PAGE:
Over the next 40 years the UN predicts a global population boom, leading to agricultural land shortages. Great Stuff Hydroponics thinks we can overcome this problem and help to reduce the environmental impact of our cities by building vertical hydroponic agricultural buildings in urban centers.

Supplying food in the West is not an issue, where agricultural land is available and complex distribution systems are already set up. However, the UN predicts that by the year 2050, there will be an additional 3 billion people on this planet, approximately 80% of whom will live in urban centers. This poses a problem, particularly in developed societies where farmers are a dying breed and food often has to transported over vast distances before it ends up on peoples' dinner tables.

Currently, some cities are greener than others; Singapore, Hanoi and Havana have all been cited as food producing cities. Whilst they are not yet self sufficient, other cities still have very far to go. New York, for example, has to import almost every morsel of food which is consumed there, and trucking all that food into the city every day takes its toll on the environment and is an incredibly inefficient use of resources in a sophisticated society.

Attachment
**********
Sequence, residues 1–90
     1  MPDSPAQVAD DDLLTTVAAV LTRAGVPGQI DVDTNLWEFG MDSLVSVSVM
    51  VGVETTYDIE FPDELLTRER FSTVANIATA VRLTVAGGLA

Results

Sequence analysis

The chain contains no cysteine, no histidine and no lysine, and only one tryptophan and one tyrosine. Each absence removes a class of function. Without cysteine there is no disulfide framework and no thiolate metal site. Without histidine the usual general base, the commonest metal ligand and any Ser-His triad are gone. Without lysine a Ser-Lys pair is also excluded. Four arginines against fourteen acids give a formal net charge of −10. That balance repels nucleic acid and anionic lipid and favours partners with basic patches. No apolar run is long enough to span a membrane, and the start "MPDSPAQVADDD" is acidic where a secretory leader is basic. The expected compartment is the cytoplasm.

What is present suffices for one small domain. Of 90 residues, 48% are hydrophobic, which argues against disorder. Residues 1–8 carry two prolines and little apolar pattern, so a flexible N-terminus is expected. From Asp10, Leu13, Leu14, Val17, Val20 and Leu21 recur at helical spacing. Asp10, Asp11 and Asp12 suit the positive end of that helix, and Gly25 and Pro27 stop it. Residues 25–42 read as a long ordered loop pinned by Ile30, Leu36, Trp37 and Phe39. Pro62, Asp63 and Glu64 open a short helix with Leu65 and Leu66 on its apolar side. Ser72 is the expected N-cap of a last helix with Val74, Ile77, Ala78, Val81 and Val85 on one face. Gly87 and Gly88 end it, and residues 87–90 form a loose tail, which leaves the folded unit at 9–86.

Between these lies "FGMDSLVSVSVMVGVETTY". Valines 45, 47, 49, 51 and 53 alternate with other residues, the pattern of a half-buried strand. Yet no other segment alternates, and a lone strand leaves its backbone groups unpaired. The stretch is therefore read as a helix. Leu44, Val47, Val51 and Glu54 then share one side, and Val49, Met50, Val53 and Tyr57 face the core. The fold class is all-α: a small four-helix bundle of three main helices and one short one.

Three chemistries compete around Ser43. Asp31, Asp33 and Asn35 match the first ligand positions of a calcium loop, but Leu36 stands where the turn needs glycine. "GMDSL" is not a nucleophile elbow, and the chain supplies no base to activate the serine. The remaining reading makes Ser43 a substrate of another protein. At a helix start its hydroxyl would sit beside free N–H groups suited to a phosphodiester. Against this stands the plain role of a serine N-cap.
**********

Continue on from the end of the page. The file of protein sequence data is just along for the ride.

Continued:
The answer, according to environmentalists, scientists and hydroponics enthusiasts is to stop all these wasteful practices by building hydroponic farms, vertically, in the heart of our cities. This would let the land around our cities return to an unspoilt ecosystem of forests or grasslands, helping the fight against global warming and climate change. After all, we have developed into an urban species with all of the methods to produce reliable crops every year hydroponically at our fingertips. We do not need to rely on taking up large tracts of land with agriculture, polluting our atmosphere with delivery truck exhaust fumes, and leaving our crops to the mercy of the elements the way our ancestors did. Farming to excess is a contributing factor to desertification, reduced soil quality and it is unnecessarily damaging to indigenous flora and fauna.

There is already considerable popular support for town planners and city councils which take environmentally friendly decisions, dedicating themselves to keeping our countryside green and focusing on making our cities cleaner and more pleasant places to inhabit instead.

Dr. Dickson Despommier, a professor of microbiology at Columbia University, originally came up with the idea of ​​the Vertical Farm Project, as a solution to the future pressure on land and resources and as a way of reducing the carbon footprint of our cities. Since the beginning of the project, a number of environmentally friendly 'vertical farms' have been designed for New York, Toronto and Paris.

Toronto scientist, Gordon Graff designed a concept building known as the SkyFarm which would sit in the center of the city's theater district. His 58 floor tower design could provide sufficient food at the center of the city for an estimated 35,000 people, every day. It would combine different crops, vegetables and fruits, all being grown hydroponically, using water in place of soil. During hydroponic growth, plants are fed nutrients dissolved in water in a strictly controlled environment.